Mozart's Clarinet Concerto is a subdued piece as concertos go, with a noticeable shortage of passages that wow the audience with a display of the soloist's talent for razzmatazz. Mozart even omitted the cadenza— the traditional unaccompanied interlude in which the soloist gets to show off without any interruptions from the orchestra.
But this concerto also requires a soloist who understands the effects the composer hopes to create. The opening movement may move along at a moderate pace, within a narrow dynamic range, but it's packed with variety. One moment you may be watching the soloist's fingers dance across the keys, the next you may be listening to a lazy, drawn-out melody line. Good performers bring out the values in each section.
Anthony McGill's performance of the concerto with the Chamber Orchestra of Philadelphia proved he is a musician who knows how to get the most out of every aspect of Mozart's vision, from the long line of the solemn, poignant slow movement to the lighter flow of the final rondo.
Mozart's operatic prism
McGill is a youngish Curtis graduate who's probably best known for his performance at President Obama's inauguration in 2008, but he has been the principal clarinet of the Metropolitan Opera for the past eight years. In the lively "Classical Conversation" that followed Sunday afternoon's performance, McGill emphasized the influence of opera on his understanding of Mozart's work.
McGill said his work with the Met has made him aware that Mozart is an opera composer— an insight McGill has applied to his extensive chamber music and solo appearances. In the clarinet concerto, for example, the sections for the different registers can be treated as a dialogue between the characters in an opera. The lower register could be a bass, the upper register a soprano.
McGill shared the post-concert conversation with the afternoon's other lion, composer Steven Mackey, whose new work Tonic received its world premiere during the second half.
Experiment in chords
Mackey has combined a career as a rock musician with a career as a composer whose work has been commissioned by major orchestras like the Chicago Symphony and the Los Angeles Philharmonic, and by performers like soprano Dawn Upshaw and violinist Leila Josefowicz. Tonic is a colorful, intensely dramatic work that reminded me of the orchestral suites Prokofiev arranged from his movie and ballet music. It evokes images and radiates the same kind of surface brightness.
In this case, however, the composer didn't compose the music for a dramatic work before he created a stand-alone orchestral version. Tonic moves steadily forward, from one dramatic moment to another, without reference to a particular story or a particular set of images on a screen.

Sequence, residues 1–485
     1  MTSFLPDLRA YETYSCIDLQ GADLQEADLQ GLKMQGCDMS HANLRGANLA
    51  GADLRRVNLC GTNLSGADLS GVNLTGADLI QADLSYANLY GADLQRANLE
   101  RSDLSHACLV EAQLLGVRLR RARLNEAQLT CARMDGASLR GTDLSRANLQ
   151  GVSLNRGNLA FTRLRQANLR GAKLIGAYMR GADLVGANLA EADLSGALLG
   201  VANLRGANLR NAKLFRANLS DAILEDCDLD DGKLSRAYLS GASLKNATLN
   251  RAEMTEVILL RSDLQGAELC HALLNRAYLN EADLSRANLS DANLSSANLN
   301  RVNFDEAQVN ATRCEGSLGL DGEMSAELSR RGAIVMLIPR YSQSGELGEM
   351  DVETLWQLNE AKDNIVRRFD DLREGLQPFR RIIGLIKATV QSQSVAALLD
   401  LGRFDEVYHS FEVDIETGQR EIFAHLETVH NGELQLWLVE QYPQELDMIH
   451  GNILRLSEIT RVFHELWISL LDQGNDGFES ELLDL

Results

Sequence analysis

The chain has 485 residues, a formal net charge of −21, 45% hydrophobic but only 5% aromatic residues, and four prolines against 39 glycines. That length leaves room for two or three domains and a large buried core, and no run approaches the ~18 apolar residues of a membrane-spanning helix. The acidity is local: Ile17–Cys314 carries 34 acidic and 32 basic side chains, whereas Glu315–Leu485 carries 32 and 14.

It works so well as dramatic music that I was caught off guard when Mackey discussed it as an experiment in working with chords. Normally, when an orchestra creates a chord, all the instruments sound in balance. In Tonic, the instruments sound at different volumes, some loud and prominent and some softly adding shading. The composer can create a new effect by repeating the same notes while reversing the volumes.
But Mackey also said he wanted the piece to be exciting and interesting. He succeeded on both counts. I would have welcomed a contrasting section as a relief from the dramatic tension, but overall Tonic is vivid, musically inventive and fascinating.
For timpanist Martha Hitchins, Tonic constituted a marathon workout. The timpani resound through most of Tonic's 25 minutes. Her drums formed the foundation of the chords and underlined the sense of drama.
During the discussion, Mackey noted that he had trouble composing the timpani part. He kept thinking he could only achieve his aims with eight drums, instead of the four or five that the timpanist usually commands. Hitchins learned of his problem via a tweet, and the two of them collaborated on her part, with Hitchins working out approaches that fulfilled Mackey's intentions without the extra instruments.
Who knows what Mozart might have accomplished if he could have tweeted Anton Stadler, the Viennese clarinetist for whom he wrote the clarinet concerto?♦
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